HOMEPUBLICATION AND DISSEMINATION AIMSRESEARCH TEAM

TOWARDS A SOCIOLOGY OF RIGHTS CONSCIOUSNESS
IN RUSSIAN PRISONS.
PROJECT SUMMARY

Funded by the Leverhulme Trust for two years starting March 2015, our overarching question is: How are Russian penal policies and practices responding to developments in rights consciousness amongst prisoners?

The aims of this research are threefold

  • To map the trends, and understand the patterns, of how prisoners understand rights, and how rights consciousness shapes understandings about prison as a place of punishment;
  • To mobilise understanding and knowledge exchange between the policies and practices in Russia and other European prison jurisdictions;
  • To contextualise current experiences of penal reform and human rights with respect to the history and culture of Soviet and post-Soviet penal policy and practices.

As we say above, key to our project is to develop meaningful knowledge exchange between Russia and the West in order to better understand how Russia is responding to new world prison challenges. Our focus is mainly on prisoners, but we also hope to hear from those whose lives are touched by incarceration more broadly such as families and friends. We intend to promote best practices and positive experiences of the penal reform process where we can.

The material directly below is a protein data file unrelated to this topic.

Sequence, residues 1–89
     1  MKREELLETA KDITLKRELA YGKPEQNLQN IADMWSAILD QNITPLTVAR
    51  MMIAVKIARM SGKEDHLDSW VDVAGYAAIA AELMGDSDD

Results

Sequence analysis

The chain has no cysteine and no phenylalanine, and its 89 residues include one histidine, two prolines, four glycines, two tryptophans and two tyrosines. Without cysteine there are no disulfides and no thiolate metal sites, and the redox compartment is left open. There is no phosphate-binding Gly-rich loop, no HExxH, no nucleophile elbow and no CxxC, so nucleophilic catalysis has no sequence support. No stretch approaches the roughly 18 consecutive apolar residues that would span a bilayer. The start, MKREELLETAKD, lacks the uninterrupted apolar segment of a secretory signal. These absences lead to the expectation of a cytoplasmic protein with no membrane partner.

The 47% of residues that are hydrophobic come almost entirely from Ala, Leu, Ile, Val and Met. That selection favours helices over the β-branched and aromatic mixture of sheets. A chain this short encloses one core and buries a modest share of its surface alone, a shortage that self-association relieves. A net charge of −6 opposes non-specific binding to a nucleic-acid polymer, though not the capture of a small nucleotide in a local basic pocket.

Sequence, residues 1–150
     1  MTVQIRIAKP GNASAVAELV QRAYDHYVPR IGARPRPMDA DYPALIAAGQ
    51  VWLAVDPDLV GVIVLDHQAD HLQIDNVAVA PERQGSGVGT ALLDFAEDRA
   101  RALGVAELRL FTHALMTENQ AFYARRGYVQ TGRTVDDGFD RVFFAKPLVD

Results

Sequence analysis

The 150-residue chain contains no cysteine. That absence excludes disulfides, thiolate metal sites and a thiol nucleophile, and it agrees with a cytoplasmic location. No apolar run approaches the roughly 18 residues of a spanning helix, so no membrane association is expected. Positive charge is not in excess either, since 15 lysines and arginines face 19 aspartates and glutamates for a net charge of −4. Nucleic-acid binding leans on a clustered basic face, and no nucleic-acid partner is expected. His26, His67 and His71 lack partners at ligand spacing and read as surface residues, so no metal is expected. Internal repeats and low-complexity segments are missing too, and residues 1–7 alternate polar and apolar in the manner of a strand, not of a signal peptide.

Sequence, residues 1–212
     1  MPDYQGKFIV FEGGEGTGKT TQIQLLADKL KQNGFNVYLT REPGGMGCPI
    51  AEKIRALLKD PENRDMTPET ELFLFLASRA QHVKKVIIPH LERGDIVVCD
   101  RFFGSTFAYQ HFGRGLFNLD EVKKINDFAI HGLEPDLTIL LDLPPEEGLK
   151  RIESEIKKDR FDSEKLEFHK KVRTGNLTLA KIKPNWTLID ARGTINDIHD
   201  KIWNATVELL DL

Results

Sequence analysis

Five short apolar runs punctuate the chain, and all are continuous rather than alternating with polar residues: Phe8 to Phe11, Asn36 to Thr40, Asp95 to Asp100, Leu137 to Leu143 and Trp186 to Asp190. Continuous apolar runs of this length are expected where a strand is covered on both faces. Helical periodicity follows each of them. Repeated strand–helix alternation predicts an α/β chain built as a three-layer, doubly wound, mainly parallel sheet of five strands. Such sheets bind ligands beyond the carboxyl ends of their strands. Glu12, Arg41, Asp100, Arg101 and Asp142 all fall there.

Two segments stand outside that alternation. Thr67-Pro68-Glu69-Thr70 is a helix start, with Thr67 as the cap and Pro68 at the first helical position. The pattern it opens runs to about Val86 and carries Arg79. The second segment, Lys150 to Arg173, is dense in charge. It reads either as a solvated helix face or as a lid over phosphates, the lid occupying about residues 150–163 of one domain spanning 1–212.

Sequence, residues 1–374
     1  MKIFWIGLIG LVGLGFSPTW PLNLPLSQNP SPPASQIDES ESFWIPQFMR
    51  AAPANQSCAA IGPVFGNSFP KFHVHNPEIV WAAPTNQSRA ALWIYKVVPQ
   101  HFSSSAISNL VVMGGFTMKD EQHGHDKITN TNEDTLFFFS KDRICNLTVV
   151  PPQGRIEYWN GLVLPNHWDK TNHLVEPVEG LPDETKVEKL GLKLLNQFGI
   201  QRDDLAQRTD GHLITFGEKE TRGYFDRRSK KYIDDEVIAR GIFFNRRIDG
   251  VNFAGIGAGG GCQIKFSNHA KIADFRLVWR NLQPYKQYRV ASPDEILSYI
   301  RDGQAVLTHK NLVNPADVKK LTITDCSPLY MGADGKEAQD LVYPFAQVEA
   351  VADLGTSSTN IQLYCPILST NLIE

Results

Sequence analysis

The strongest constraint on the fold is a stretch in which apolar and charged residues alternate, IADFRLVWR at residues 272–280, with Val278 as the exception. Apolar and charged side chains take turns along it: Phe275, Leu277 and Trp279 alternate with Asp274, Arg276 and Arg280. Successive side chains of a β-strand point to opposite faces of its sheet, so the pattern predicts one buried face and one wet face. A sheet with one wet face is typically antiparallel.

We are using a mixed methodology to gather new empirical knowledge that, in this current phase, consists of participating in online-social media sites and working in a professional and appreciative way with other prison-web-site users to better understand the issues and challenges facing those who are connected to Russian prisons.

We appreciate the need for confidentiality and anonymity and no names will be asked or published during our fieldwork. We will follow the University of Strathclyde’s code of research ethics, which we are required to do as part of our study.

The project has three key beneficiary groups:

  1. Prisoners and their families;
  2. Local and national policy makers and the third sector who work in the area of reforming Russian prisons;
  3. Other international prison systems that can learn from Russia in how to respond to, and engage with, reform agendas.